Never Mind the Bullets doesn’t show us a technology aptly delivering a story, but a story serving as a display for technology. Proof of concept, as you said.
(I’ve been meddling with the subject myself, you can go have a look at abwaesser.ch – Unfortunately it’s in german.)
I like your little experiments at the link.
I’m at work, where a lot of webcomics readers do their reading, and my machine is forced to opperate a specific JRE and web browser because of the work I do. This isn’t an uncommon situation either. The upshot is I can’t view either of the examples. The kicker is neither is really necessary to produce a good webcomic and it seems that none of the most successful ones use any of these fancy tools. My verdict is KISS and make sure you’re able to provide your content to your LCD browsers so that you’re not cutting out potential audience members.
They worked very well here. It’s a interesting different way to sequence sequential art. Found it particularly nice the sensation of time passing the popping dialogue has.
Now they would be much better in full-screen versions.
To be clear, yes, both HTML and Flash could be/have been used for a zillion other (better) effects. Just pointing to a couple here.
This examples ara a poor comparation of two technologies.
HTML5 never overwritten Flash plataform. Just by the fact of Flash Editor is very fast and easy of the ALL editors in this time. And his plataform is the aclamed for designers, coders and open-source coders.
HTML5 is very slow in this example on my Intel Celeron. A simple trouble, and known of flashdevelopers, is the error of some users on uses a very large image to load and display in high framerate.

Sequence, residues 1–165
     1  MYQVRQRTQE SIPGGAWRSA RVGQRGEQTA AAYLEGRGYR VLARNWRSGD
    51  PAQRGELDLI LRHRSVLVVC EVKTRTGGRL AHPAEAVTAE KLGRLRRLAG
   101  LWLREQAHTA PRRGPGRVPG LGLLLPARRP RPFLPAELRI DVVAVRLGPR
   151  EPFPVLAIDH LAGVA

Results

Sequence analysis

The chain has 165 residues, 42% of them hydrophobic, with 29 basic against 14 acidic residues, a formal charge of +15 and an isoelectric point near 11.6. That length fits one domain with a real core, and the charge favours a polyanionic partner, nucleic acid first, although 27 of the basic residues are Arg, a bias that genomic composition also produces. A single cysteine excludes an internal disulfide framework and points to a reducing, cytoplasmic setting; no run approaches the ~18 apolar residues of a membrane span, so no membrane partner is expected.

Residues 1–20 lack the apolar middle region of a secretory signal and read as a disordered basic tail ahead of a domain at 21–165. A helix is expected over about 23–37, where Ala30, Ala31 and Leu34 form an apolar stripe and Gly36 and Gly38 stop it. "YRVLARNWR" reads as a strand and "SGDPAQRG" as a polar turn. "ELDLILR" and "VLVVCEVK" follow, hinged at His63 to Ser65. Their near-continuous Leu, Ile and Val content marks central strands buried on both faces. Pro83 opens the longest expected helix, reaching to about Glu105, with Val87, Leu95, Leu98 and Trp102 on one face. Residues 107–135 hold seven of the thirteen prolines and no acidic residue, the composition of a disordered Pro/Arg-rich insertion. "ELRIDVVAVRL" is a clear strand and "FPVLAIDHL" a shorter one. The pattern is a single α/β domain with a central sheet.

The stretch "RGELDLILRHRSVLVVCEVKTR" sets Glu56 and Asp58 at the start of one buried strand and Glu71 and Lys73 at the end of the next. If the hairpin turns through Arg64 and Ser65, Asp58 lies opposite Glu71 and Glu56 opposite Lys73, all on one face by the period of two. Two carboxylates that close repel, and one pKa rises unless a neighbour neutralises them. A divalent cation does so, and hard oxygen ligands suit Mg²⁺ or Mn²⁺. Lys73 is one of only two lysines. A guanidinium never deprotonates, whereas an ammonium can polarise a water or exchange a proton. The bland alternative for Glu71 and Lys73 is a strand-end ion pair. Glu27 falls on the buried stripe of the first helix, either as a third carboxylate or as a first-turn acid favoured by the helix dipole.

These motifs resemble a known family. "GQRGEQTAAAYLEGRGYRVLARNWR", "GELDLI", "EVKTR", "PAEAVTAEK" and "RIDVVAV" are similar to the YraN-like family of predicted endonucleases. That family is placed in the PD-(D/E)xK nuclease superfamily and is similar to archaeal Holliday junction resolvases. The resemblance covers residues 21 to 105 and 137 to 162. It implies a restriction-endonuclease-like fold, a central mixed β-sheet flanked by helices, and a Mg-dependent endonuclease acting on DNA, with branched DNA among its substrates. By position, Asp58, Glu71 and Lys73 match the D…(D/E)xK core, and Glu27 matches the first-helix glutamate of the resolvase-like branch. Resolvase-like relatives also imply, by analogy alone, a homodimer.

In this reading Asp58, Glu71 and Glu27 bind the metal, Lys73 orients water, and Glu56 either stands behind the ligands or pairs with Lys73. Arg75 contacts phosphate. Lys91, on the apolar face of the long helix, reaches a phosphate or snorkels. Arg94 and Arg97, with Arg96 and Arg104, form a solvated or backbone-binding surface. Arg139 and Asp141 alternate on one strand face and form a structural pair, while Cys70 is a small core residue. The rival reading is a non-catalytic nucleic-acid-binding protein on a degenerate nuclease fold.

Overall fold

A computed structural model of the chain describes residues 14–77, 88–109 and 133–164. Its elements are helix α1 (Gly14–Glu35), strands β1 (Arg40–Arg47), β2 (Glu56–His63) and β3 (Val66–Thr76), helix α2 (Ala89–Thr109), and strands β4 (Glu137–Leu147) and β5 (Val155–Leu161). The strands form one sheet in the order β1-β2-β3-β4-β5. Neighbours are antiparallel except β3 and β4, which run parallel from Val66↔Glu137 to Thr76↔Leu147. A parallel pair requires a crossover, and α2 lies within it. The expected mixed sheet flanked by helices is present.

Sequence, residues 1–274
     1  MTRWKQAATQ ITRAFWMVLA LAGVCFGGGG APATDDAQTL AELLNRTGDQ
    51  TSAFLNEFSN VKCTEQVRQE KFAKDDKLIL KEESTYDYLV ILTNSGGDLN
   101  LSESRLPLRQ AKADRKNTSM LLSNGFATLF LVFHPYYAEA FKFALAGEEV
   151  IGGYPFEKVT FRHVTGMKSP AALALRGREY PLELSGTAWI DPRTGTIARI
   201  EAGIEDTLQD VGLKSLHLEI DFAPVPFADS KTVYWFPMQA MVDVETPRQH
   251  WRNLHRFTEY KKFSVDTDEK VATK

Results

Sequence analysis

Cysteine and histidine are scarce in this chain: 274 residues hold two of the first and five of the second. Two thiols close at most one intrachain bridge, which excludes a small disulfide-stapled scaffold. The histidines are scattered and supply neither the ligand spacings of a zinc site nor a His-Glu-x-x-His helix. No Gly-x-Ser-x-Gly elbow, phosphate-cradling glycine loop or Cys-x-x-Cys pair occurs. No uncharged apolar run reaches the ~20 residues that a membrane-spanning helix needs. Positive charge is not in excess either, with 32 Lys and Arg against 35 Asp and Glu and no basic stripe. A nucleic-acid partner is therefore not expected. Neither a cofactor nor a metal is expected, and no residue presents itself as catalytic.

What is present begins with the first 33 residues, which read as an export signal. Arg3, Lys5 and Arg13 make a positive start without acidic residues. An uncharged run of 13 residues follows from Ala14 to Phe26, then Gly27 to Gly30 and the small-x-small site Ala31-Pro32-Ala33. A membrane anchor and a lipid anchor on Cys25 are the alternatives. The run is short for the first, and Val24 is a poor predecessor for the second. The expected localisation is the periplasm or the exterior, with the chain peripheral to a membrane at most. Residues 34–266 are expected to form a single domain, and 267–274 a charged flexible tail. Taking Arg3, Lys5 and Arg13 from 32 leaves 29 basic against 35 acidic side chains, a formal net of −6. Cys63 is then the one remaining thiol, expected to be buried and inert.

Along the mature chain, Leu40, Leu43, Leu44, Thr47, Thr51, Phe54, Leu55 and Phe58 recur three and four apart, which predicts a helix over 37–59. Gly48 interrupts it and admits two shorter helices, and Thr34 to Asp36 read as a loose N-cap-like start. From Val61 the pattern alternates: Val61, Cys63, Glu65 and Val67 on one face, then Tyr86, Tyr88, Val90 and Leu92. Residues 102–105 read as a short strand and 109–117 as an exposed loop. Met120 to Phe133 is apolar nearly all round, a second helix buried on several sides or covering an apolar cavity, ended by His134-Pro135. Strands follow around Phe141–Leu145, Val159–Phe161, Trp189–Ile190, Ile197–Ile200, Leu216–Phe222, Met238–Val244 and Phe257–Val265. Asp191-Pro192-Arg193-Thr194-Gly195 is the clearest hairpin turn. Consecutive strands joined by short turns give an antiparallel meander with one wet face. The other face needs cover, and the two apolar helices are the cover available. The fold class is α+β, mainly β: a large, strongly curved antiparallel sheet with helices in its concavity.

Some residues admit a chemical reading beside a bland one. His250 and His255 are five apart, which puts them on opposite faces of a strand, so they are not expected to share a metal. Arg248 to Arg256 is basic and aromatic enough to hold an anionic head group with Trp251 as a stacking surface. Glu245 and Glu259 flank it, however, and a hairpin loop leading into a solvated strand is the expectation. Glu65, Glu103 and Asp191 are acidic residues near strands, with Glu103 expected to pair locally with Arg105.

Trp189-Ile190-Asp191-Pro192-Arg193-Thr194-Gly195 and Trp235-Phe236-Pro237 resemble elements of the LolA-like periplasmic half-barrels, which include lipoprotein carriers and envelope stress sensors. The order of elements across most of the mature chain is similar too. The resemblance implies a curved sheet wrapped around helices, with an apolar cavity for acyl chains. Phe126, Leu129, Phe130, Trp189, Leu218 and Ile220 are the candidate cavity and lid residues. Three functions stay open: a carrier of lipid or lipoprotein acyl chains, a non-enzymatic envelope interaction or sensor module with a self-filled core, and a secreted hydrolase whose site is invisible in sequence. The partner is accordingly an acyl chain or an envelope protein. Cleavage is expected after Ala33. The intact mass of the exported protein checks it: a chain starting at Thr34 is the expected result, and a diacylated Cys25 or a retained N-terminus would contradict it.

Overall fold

And an little overview on source of “Never Mind the Bullets”: this page don’t fits all HTML5 standards tags.
I like how City of Reality takes advantage of this method in an almost unnoticeable way. =)
The biggest problem for Never Mind the Bullets are so many effects that you completely forget the story. The narrative gets lost.
Turbo Defiant Kimecan
*The panels load one at a time, so you don`t have to wait too long, or worry about the page crashing when the image it`s almost there.
*The art and story are great.
*The artist it`s mexican :la:
*The panels are too small or something, not working right with the intuituve sistem, making you to just “click, click, click” to load the whole page and read it, missing the concept. It would be cooler than the action of loading each panel made the illution of movement, like a close up or something.
*The “black space” than apears when the panels are not loaded hurt the eyes.
*The spawning panels have no explanation if you don`t have space limitations.
*Sometimes the reader just “goes crazy” and the cracks.
Never Mind the Bullets:
*It could not be smoot (or readable at some points), but it certainly proves than you can make a webcomic work on HTLM5.